Speculation about Elon Musk’s Hyperloop project is on the rise after a test last month.
For those that don’t know, the Hyperloop is a traffic-defying train that runs through a highly pressurized tube and can take passengers up to 700 miles in one hour. Most of the stories about Musk’s new project focus either on the fact that the idea for a high-pressure tube-train dates back as far as the 18th century or on issues of its practicality. What gets overlooked, is the potential for Musk’s Hyperloop concept to take usher in a new era of freight rail sophistication.
In a recent report, Aberdeen found that the top two business pressures facing Best-in-Class companies are the increasing customer demand for faster, more frequent deliveries and the volatility of freight costs. Air travel is the current solution for speedy delivery, but it is associated with high fuel costs. The Hyperloop could improve delivery speed while eliminating such cost concerns.
Choosing road over air freight or diesel over gas may reduce fuel costs, but now customers are wondering why they’re waiting longer for a product. And these decisions become even more critical as companies like Amazon continue to raise customer expectations for both the cost and speed of deliveries. Plans detailing how the Hyperloop will be powered have yet to come out, but Musk claims the energy used will only be a micro-segment of the energy currently used for road, air, or rail.
On top of being the most fuel-efficient freight model, the Hyperloop also promises record-obliterating speed. The estimated time it takes from Hyperloop to get from New York to Los Angeles is about 4 hours and 28 minutes. (compared to air at 8:53, rail at 23:47, and road at 47:30). Of course, fuel isn’t the only cost to be considered. It is estimated that Hyperloop would cost billions of dollars. Thankfully, large-scale infrastructure projects are public commodities (on the tab of the US government). If Musk can equate this enormous undertaking to the transcontinental railroad or US/state highways, the Hyperloop will not be exclusive to those able to pay for a cut of it.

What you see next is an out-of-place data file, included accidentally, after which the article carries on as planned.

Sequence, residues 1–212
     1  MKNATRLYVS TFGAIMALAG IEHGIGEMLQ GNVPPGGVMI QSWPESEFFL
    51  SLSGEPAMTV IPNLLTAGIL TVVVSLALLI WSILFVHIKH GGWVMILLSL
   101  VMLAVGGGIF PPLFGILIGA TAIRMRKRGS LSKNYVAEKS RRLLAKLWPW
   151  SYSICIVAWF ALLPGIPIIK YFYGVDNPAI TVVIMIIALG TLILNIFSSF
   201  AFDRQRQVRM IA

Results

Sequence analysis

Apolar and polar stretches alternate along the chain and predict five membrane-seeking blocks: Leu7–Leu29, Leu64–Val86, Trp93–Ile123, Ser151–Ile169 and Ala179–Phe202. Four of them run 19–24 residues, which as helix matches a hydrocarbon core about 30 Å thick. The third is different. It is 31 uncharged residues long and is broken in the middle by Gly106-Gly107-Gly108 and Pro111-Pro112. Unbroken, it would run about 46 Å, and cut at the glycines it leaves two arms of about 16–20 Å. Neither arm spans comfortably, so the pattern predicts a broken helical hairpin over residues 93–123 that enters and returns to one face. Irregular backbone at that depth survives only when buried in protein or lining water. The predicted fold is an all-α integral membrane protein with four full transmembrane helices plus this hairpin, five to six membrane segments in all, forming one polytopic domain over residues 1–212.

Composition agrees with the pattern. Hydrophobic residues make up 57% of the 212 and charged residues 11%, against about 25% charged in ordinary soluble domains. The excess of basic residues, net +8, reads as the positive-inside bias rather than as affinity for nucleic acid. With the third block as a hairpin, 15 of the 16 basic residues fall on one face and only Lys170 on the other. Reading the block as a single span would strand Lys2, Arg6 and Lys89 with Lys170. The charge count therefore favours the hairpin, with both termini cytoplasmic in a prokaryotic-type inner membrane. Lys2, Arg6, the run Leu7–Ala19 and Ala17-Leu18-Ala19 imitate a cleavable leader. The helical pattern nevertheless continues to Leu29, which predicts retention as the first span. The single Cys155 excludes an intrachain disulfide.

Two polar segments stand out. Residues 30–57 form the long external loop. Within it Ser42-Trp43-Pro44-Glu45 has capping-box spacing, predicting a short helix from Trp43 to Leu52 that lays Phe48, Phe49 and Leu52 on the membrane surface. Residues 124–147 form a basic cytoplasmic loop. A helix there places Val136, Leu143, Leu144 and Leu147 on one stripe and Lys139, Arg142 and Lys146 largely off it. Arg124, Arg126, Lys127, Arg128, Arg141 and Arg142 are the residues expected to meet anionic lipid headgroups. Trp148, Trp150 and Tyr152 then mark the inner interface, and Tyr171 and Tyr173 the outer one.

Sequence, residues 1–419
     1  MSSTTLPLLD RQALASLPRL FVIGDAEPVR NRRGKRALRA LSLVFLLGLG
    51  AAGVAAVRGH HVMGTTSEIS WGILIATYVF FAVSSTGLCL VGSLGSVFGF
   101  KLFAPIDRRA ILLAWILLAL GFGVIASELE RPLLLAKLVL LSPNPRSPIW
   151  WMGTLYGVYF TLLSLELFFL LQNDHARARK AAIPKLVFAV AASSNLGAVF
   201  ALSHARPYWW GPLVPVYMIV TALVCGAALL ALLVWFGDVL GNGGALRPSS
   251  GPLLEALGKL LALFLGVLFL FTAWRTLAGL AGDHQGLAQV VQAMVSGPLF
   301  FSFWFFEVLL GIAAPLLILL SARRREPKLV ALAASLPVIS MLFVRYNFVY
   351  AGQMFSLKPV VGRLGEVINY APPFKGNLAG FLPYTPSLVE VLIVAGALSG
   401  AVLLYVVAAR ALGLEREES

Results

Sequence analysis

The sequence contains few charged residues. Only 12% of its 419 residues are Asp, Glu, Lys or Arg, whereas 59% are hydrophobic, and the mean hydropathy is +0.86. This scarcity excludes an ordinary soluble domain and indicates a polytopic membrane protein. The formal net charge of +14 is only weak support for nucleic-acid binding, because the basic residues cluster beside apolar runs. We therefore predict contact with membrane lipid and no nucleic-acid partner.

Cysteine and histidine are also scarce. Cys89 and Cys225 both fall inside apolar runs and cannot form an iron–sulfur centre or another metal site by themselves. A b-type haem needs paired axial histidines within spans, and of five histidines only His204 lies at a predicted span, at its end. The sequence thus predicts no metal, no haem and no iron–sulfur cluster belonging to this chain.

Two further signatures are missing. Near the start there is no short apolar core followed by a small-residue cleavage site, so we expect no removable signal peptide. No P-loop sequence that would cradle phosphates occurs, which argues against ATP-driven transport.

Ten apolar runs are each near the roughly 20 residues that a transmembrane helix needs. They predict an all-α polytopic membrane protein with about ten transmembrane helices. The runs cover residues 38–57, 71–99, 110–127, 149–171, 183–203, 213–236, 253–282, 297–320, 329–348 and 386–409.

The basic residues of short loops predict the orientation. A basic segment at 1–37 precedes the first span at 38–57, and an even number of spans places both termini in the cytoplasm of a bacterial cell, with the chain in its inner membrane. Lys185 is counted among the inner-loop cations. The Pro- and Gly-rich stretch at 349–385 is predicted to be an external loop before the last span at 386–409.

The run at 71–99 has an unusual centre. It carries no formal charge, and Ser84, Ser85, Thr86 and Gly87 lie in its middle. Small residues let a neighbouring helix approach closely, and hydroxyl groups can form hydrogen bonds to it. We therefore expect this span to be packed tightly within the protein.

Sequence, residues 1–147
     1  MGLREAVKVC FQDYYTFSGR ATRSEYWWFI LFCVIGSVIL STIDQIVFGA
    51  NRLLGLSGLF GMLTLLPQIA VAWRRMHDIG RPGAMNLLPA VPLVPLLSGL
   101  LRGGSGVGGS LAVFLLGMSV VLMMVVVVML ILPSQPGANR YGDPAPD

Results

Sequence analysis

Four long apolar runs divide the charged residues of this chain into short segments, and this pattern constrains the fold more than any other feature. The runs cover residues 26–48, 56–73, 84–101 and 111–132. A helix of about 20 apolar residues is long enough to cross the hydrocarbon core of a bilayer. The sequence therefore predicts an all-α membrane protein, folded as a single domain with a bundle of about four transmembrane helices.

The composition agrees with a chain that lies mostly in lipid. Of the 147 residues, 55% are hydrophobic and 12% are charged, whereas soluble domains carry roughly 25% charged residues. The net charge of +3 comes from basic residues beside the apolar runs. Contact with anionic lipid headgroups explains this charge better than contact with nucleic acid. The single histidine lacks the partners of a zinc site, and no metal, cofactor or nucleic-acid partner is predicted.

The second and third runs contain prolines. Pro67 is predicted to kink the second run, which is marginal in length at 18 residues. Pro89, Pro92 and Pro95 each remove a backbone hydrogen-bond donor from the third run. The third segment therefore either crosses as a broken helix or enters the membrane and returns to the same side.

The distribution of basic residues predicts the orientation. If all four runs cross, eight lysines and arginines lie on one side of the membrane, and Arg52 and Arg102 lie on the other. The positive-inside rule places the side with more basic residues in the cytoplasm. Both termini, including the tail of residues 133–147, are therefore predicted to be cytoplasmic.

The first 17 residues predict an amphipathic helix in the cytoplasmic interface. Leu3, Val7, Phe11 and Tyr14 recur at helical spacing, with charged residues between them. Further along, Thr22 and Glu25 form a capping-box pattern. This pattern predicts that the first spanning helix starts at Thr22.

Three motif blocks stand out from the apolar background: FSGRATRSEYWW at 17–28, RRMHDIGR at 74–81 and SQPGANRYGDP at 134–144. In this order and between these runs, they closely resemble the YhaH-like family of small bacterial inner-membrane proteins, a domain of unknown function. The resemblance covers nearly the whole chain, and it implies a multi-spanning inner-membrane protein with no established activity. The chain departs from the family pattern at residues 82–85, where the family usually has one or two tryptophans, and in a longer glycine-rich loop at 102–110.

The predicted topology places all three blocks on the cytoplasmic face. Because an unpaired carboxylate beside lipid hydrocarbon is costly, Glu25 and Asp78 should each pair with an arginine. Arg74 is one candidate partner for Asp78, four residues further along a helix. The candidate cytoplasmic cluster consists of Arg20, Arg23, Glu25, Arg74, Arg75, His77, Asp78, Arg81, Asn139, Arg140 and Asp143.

Suppliers can only cross their fingers that Musk can keep his promises of faster rail transportation. However, the hype surrounding Hyperloop reminds us to reconsider the future of freight rail altogether. High-speed trains (HST) carrying passengers already exist, and Asian and European governments have invested in HST’s economically- and environmentally-promising future.
Read the full report to learn more about how Best-in-Class companies combat volatile freight costs and cope with the demand for faster delivery speeds.